Fighting poverty with 90 million California red worms
GUATEMALA CITY – When María Rodríguez first heard about the potential of using worms to eradicate poverty, she was convinced as to where her future lay.
“It was love at first heard,” the young Guatemalan woman says. “I was fascinated by the idea that worms eat waste and add so many nutrients through the digestion process. But since they’re on the ground, we don’t see them, and we don’t appreciate them.”
In 2007, having just graduated with a business degree in Guatemala City, Rodríguez founded ByoEarth, a company that uses vermicomposting to promote health and development in rural and urban Guatemala. Through vermicomposting – using worms to break down degradable food into a nutrient-rich fertilizer – ByoEarth has been able to produce and sell high-quality compost and educate rural communities, as well as residents of Central America’s largest garbage dump, about the benefits of worms.
“It’s very important because with vermicomposting you transform degradable waste that otherwise goes to landfills and produces methane and attracts rodents. People who work in dumps are very affected by the contamination that degradable waste causes when it should be separated and transformed into compost or vermicompost, which is organic fertilizer,” Rodríguez says.
While ByoEarth’s core purpose is to convert waste into a natural fertilizer, the company’s social mission focuses on enabling poor families to make a small income by creating and selling their own vermicompost.
“We partnered with a nonprofit group and established a program to train women in vermicomposting, with the main objective of improving their livelihoods by first improving the waste management inside their houses. We’re also teaching them how as women living in impoverished areas with almost no education, those reasons are not excuses not to live in better circumstances. It’s very interesting how they can learn and appreciate that. They get empowered because they know that even in their condition they can be agents of change in their communities and make something good for the environment,” Rodríguez adds.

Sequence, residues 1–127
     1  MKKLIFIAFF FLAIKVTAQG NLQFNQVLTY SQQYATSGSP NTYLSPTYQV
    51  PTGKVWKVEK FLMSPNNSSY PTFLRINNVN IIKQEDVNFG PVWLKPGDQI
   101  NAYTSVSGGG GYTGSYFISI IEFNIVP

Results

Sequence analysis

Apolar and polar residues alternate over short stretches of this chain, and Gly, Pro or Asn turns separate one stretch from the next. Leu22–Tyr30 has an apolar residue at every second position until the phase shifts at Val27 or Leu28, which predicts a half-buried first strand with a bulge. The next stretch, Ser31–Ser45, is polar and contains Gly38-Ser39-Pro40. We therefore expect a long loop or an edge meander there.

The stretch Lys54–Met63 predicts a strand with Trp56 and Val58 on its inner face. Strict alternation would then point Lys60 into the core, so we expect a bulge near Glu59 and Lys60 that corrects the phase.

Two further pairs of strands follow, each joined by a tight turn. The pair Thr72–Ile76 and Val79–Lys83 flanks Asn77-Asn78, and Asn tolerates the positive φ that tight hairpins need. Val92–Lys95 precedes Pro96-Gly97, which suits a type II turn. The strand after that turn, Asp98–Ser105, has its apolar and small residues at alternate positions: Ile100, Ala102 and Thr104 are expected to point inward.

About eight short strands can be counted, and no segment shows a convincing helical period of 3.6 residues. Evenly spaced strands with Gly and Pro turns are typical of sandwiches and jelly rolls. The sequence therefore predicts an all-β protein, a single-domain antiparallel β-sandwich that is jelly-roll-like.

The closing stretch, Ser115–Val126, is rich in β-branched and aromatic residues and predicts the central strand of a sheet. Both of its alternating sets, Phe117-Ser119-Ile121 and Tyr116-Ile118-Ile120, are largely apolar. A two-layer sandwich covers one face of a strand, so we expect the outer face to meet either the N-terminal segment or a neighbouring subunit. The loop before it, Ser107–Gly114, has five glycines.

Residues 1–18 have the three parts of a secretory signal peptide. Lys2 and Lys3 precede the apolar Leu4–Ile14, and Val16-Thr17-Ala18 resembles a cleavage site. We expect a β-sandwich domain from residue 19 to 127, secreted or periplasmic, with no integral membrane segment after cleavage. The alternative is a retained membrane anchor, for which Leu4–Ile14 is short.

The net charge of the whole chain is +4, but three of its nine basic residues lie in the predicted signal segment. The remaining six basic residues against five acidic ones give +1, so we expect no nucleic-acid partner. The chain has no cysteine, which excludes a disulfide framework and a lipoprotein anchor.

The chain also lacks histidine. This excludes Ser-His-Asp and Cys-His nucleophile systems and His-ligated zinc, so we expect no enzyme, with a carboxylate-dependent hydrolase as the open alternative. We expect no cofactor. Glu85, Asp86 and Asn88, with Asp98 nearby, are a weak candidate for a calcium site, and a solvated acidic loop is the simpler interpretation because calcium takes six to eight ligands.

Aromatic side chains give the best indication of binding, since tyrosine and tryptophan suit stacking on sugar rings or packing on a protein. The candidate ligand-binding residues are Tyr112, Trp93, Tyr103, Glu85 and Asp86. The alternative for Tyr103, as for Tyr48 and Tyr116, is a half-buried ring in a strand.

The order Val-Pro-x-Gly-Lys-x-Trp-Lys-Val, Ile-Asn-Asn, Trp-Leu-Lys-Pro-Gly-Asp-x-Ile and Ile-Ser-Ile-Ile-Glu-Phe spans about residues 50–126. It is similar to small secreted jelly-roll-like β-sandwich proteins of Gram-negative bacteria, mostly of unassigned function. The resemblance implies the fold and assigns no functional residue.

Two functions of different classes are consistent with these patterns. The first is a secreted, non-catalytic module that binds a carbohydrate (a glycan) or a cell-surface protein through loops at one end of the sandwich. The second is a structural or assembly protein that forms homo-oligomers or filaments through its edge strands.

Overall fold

A self-confessed “serial entrepreneur,” the 26-year-old has garnered international attention for her work with ByoEarth. She recently appeared in Forbes magazine in an article about women entrepreneurs and is regularly invited to speak at conferences around the world.
“It’s not common for a girl to be working in a male-dominated agricultural industry in Guatemala, but that’s why it’s interesting,” she says.
“I’m very cautious as to how I do business with the agricultural sector. Maybe the sales in the rural area haven’t grown a lot because I haven’t been able to talk directly to farmers and be respected the same, but I don’t think that as a woman you can’t do business here.”
With a production plant that contains an estimated population of more than 90 million Californian red worms, ByoEarth plans to expand into Central America over the coming year and start exporting worms to Nicaragua, Costa Rica and El Salvador.
Rodríguez describes them as “pretty” and “delicate,” in stark contrast to how the majority of people view the slimy creatures.
“I think of them as pets and we talk about animal husbandry; the same way you take care of a dog you take care of the worms, as they’ve been domesticated. These worms won’t survive by themselves, they need you to take care of them, feed them, clean them and give them water. If you see a worm anywhere you’d rescue it and put it on soil because you know the work she’s doing.”
Determined to bring the concept of “guerrilla gardening” to Guatemala, ByoEarth recently launched several products such as “Worm Tea” and “Seed Bombs,” aimed at improving the quality of people’s soil. Not to be mistaken for the human beverage, Worm Tea is a premium organic fertilizer that can be mixed with water and given to plants as a nutritious drink; Seed Bombs allow people to grab a capsule consisting of seeds, fertilizer and soil and grow their own food. ByoEarth hopes the latter will contribute to food security, enabling more people to cultivate despite a lack of resources.
While Rodríguez acknowledges that it may be difficult for some of Guatemala’s farmers to accept an organic fertilizer, she’s confident about the business’ future and is eager to show Central America that a handful of worms can make a difference.
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